Jimmy Rogers

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Jimmy Rogers (June 3, 1924 – December 19, 1997[1]) was a blues singer, guitarist and harmonica player, best known for his work as a member of Muddy Waters' band of the 1950s.[2]



Jimmy Rogers was born James A. Lane in Ruleville, Mississippi, on June 3, 1924, and was raised in Atlanta, Georgia and Memphis, Tennessee.[3] He adapted the professional surname 'Rogers' from his stepfather's last name.[2] Rogers learned the harmonica alongside his childhood friend Snooky Pryor, and as a teenager took up the guitar and played professionally in East St. Louis, Illinois (where he played with Robert Lockwood, Jr., among others), before moving to Chicago in the mid 1940s.[citation needed] By 1946 he had recorded his first record as a harmonica player and singer for the Harlem record label, run by J. Mayo Williams. Rogers' name did not appear on the record, which was mislabeled as the work of "Memphis Slim and his Houserockers."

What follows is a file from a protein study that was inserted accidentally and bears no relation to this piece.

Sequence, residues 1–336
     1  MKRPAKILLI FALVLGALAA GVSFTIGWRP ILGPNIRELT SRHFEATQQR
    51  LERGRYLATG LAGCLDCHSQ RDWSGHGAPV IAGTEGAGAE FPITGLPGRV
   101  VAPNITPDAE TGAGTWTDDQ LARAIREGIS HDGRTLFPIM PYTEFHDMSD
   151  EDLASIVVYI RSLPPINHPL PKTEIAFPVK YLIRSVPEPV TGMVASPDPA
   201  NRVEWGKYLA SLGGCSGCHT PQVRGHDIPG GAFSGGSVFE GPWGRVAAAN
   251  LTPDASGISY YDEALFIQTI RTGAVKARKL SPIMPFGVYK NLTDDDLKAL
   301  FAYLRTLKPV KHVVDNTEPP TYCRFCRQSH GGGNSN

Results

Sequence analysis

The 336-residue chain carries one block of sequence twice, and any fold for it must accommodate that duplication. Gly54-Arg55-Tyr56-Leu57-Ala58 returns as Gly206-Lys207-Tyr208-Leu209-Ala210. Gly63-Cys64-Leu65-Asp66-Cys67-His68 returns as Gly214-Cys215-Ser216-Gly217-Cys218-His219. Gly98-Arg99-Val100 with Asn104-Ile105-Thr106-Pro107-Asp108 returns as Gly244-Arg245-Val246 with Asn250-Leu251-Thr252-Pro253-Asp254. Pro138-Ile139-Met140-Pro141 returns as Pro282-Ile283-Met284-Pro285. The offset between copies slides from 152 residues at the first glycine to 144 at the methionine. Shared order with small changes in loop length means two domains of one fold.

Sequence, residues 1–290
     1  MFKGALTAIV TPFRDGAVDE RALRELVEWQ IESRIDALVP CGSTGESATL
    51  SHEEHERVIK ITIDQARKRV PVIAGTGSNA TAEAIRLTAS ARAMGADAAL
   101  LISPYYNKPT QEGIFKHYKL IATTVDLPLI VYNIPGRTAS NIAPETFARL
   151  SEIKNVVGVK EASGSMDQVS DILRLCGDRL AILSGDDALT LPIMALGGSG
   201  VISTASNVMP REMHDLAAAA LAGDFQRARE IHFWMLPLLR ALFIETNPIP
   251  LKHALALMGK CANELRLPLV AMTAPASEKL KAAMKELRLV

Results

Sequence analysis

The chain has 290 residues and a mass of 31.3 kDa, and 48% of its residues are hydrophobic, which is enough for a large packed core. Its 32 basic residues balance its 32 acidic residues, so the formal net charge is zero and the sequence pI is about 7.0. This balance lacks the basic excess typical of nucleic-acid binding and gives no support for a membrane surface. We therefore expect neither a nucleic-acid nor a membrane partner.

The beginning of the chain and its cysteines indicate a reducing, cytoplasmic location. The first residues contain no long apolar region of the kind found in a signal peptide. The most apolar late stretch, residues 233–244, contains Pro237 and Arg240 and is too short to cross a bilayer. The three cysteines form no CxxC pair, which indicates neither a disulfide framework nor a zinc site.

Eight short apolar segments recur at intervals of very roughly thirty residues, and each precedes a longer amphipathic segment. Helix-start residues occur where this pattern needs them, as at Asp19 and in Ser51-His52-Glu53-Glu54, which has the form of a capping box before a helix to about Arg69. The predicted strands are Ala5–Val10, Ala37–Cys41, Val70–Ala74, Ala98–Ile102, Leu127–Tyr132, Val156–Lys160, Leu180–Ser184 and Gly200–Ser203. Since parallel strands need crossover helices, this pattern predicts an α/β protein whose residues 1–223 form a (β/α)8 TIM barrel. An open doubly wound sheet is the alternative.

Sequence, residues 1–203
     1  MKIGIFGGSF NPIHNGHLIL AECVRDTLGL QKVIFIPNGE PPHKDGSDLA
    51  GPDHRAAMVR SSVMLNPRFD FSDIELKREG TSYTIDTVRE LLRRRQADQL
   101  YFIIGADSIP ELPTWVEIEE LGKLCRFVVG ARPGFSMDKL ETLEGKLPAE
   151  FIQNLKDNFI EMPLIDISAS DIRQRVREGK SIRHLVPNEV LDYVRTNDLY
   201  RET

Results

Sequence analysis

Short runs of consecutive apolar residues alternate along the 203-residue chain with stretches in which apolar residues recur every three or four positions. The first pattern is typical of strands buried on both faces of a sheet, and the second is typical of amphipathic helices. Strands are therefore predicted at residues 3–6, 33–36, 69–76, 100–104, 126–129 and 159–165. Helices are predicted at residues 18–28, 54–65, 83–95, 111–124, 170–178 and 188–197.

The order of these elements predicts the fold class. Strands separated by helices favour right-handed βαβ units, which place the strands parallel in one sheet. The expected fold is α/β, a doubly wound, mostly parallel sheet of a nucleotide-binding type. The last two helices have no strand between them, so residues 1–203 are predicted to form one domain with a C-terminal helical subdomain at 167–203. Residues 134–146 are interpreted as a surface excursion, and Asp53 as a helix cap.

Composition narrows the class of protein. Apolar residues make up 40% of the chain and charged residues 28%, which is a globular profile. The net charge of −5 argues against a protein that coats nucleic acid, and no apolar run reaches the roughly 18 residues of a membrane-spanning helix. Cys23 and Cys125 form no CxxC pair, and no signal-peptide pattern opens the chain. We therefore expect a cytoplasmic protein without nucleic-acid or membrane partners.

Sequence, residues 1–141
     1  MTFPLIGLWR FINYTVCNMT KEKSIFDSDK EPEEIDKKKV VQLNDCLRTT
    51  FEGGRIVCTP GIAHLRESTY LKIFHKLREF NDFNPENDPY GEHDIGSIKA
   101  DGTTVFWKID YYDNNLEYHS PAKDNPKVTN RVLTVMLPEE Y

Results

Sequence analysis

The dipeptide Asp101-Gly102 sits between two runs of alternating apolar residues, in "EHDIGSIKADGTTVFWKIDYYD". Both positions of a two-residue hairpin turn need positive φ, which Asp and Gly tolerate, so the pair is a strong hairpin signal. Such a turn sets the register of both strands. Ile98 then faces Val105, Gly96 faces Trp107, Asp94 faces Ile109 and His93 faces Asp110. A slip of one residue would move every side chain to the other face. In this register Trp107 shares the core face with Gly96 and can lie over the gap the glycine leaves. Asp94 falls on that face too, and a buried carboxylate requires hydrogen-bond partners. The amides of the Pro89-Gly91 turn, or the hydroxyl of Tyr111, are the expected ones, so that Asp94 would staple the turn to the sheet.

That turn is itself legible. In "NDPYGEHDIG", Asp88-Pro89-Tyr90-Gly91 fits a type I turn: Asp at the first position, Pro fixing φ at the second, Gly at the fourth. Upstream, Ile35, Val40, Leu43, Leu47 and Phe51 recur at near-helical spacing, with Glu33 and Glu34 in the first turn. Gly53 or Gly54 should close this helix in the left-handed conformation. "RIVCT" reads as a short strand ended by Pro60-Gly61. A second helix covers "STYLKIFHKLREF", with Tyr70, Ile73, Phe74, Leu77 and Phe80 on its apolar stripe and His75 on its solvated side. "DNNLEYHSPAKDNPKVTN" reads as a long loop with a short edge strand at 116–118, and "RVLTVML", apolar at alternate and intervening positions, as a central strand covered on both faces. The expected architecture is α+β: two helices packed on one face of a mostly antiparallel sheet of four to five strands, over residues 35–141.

In 1947, Rogers, Muddy Waters and Little Walter began playing together. Along with pianist Otis Spann and drummer Elgin Evans they formed the core of what is commonly called "the first Muddy Waters band" after their most famous member, though in fact the band recorded and released music credited to each of them as solo artists. The first Muddy Waters band defined the sound of the nascent "Chicago Blues" style (more specifically "South Side" Chicago Blues). Rogers made several more sides of his own with small labels in Chicago, but none were released at the time. He began to enjoy success as a solo artist with Chess Records in 1950, scoring a hit with "That's All Right", but he stayed with Waters until 1954.[2] In the mid 1950s he had several successful releases on the Chess label, most featuring either Little Walter Jacobs or Big Walter Horton on harmonica, most notably "Walking By Myself", but as the 1950s drew to a close and interest in the blues waned, he gradually withdrew from the music industry.[2] In the early 1960s he worked as a member of Howling Wolf's band, before quitting the music business altogether for almost a decade. He worked as a taxicab driver and owned a clothing store that burned down in the Chicago riots that followed the assassination of Dr. Martin Luther King, Jr. in 1968. He gradually began performing in public again, and in 1971 when fashions made him a reasonable draw in Europe, Rogers began occasionally touring and recording, including a 1977 reunion session with his old bandleader Waters. By 1982, Rogers was again a full-time solo artist.

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